medical myths you should stop believing

Medical Myths You—and Your Doctor—Probably Believe

Do you still think ginkgo helps memory?

By: Bibi Deitz

Medical science has a hard time keeping up with itself these days. Studies and trials and research are being published daily, and no one—not even your doctor—can read everything. But that means you might be a little behind the times when it comes to what’s best for your health. In particular, there are 10 medical beliefs to file away with the Tooth Fairy, as The New York Times reports.

First off: Depending on your goals, you might want to unstrap the Fitbit. Though it can be fun to keep track of your stats, step counters and calorie trackers have not been found to be helpful for weight loss. In one study of 470 dieters over the course of two years, people who did not wear tracking devices actually lost more weight than their temperature-taking counterparts.

Next up: You can tell your grandparents to stop taking ginkgo biloba. For years, ginkgo has been the gold standard for memory, but a 2008 federal study “definitively showed the supplement is useless for this purpose,” the Times reports.

If you ever find yourself in an emergency room in pain, you’ll likely be offered opioids. But a clinical trial found that safer medicines such as aspirin and ibuprofen relieve pain as efficiently for ER patients and usually come with way fewer side effects.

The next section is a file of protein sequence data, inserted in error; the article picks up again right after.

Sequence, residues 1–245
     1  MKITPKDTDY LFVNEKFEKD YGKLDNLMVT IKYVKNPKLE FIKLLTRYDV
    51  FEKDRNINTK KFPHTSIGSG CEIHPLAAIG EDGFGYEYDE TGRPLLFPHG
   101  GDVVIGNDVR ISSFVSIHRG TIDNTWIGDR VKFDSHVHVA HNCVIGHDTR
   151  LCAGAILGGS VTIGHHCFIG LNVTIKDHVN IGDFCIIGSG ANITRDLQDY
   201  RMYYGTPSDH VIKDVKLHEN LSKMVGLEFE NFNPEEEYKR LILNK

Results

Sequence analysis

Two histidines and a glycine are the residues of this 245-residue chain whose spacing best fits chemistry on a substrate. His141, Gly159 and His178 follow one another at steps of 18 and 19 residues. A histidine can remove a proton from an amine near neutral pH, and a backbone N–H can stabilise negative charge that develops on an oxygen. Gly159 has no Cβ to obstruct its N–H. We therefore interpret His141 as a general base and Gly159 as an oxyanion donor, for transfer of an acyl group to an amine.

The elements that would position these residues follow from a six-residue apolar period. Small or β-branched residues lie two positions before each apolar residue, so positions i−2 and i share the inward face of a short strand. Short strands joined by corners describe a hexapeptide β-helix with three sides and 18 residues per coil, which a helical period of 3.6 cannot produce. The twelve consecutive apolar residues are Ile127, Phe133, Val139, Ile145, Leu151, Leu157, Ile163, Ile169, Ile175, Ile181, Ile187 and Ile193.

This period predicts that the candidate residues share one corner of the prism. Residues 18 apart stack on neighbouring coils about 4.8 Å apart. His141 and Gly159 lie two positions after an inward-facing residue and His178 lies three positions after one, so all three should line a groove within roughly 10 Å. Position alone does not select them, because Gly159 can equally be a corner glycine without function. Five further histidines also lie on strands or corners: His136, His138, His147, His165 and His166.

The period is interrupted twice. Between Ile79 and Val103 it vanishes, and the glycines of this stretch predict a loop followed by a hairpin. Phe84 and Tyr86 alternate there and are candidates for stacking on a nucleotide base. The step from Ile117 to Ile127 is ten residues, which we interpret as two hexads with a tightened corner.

This one is particularly interesting for women: Previously, it has been widely thought that as soon as a pregnant woman’s water breaks, delivery must be imminent—even if it happens prematurely. But a clinical trial showed that if obstetricians watch the fetus carefully and wait for labor to kick in on its own, as opposed to inducing, the fetus does not suffer a higher risk of infection. And in comparison to babies who were delivered immediately after an early water break, babies who stayed in the womb longer were found to be healthier.

If you’ve been toting around fish oil wherever you go and taking it daily to prevent heart disease, you can stop that now, too. In a trial that followed 12,500 people who faced high risk for cardiovascular issues, daily omega-3 supplements did nothing.

Another notion to shatter: Giving teenage girls baby dolls to take care of won’t put them off early motherhood. In fact, a randomized study concluded that the teenagers carrying around fake infants were a bit more likely to get pregnant than teenagers who never had to change a doll’s diaper.

Other revelations, as per the Times: Don’t race to get surgery for a torn knee meniscus; instead, try physical therapy first. It seems those with a torn meniscus who did six months of physical therapy had the same rate of improvement as those who just had surgery.

And if your father or grandfather is trying testosterone treatment for memory issues, he can stop that as well. Though older men with higher testosterone levels have done better on tests of mental functioning in studies, a clinical trial found that you might as well take a sugar pill if you’re going to take testosterone to fight memory loss. They both had the same outcome.

If you’re dying to burst the bubble on more medical myths, head to the Times to read the full article.

 

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